WASHINGTON — New research indicates that between 2007 and 2009, the average download Internet speed in the United States has increased by only 1.6 megabits per second (mbps), from 3.5 mbps in 2007 to 5.1 mbps in 2009. And, Mississippi ranks last in connectivity speed in the U.S.
The Speed Matters Speed Test, a project of the Communications Workers of America (CWA), measures the speed of a user’s Internet connection. The 2009 report is based on aggregated data from more than 413,000 Internet users who took the online test between May 2008 and May 2009.
The 2009 Speed Test shows that only 20 percent of those who took the test have Internet speeds in the range of the top-ranked countries, including South Korea, Japan and Sweden. Eighteen percent do not meet the FCC definition for basic broadband as an always-on Internet connection of at least 768 kbps downstream.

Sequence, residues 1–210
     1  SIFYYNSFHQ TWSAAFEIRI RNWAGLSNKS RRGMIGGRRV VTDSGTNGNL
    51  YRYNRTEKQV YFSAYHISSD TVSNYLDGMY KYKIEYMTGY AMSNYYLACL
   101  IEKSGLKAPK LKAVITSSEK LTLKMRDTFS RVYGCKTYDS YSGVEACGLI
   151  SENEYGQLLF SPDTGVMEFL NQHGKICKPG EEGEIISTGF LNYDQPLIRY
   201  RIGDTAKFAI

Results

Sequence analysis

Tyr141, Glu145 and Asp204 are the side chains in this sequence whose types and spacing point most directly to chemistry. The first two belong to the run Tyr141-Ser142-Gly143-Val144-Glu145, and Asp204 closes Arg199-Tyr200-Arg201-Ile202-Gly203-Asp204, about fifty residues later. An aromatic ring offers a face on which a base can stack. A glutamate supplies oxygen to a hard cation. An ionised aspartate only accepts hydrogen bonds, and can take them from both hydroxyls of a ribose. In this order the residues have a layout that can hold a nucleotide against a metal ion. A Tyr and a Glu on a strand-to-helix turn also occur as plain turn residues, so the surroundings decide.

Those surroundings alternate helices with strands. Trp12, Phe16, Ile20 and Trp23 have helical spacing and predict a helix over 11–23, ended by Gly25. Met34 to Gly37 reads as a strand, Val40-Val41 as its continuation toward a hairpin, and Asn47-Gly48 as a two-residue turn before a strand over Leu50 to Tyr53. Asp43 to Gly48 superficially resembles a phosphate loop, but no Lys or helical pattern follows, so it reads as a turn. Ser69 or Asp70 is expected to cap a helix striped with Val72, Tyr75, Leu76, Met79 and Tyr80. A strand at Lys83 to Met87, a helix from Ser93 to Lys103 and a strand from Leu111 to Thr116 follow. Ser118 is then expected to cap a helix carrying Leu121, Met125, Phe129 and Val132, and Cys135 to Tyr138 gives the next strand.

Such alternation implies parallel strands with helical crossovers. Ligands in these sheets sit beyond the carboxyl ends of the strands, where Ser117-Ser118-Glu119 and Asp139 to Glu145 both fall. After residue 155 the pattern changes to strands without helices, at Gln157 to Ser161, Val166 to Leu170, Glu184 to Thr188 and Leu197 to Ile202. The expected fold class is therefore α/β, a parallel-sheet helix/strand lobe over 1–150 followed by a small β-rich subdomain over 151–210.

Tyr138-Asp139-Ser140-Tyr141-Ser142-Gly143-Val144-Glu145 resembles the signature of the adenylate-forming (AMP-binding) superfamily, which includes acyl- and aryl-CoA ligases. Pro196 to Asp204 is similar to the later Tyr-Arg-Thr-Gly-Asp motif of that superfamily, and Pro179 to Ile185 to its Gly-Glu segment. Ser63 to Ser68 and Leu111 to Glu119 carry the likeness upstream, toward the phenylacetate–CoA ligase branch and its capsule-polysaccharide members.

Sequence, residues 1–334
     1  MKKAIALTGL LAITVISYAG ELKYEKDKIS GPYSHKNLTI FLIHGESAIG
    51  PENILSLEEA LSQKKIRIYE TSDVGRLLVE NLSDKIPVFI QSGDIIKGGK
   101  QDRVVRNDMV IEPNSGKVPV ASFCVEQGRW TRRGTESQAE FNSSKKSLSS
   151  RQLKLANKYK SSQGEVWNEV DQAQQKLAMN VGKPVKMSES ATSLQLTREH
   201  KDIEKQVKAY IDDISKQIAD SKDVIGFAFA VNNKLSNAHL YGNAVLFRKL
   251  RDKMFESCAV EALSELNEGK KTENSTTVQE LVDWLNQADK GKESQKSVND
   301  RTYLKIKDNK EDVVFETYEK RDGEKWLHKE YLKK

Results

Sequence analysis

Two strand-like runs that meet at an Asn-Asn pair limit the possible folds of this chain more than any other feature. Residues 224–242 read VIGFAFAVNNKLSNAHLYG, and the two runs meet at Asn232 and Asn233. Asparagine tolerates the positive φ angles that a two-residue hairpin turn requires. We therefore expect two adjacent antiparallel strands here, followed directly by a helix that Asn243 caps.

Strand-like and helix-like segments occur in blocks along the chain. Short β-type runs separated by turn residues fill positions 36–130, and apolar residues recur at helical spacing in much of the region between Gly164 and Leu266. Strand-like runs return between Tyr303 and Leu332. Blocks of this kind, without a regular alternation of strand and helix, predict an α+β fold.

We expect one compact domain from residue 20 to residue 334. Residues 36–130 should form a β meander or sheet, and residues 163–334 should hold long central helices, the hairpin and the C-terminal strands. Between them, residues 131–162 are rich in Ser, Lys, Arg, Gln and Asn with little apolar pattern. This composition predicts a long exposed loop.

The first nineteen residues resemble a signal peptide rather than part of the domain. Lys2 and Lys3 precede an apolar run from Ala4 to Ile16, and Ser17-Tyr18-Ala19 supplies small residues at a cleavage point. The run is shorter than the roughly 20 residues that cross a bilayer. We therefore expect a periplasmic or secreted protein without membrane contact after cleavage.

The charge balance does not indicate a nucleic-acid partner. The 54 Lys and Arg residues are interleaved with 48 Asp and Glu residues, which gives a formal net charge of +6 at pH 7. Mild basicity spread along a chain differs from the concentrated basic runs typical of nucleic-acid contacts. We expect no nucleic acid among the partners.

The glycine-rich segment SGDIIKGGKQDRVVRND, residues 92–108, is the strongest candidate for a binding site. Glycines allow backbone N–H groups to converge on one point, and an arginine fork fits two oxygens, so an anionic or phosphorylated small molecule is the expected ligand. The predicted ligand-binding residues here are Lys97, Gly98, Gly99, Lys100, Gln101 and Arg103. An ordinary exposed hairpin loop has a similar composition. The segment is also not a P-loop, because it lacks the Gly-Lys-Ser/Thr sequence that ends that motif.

The data also confirms that where a customer lives is a good indicator of Internet connection speed. With some exceptions, Northeastern or Mid-Atlantic states are likely to have good high-speed Internet options. The five fastest states are: Delaware (9.9 mbps), Rhode Island (9.8 mbps), New Jersey (8.9 mbps), Massachusetts (8.6 mbps) and New York (8.4 mbps).
However, if you live in a Southern or Western state, access to high-speed Internet is less likely. Mississippi (3.7 mbps), South Carolina (3.6 mbps), Arkansas (3.1 mbps), Idaho (2.6 mbps) and Alaska (2.3 mbps) have some of the slowest Internet connection speeds, according to the study.
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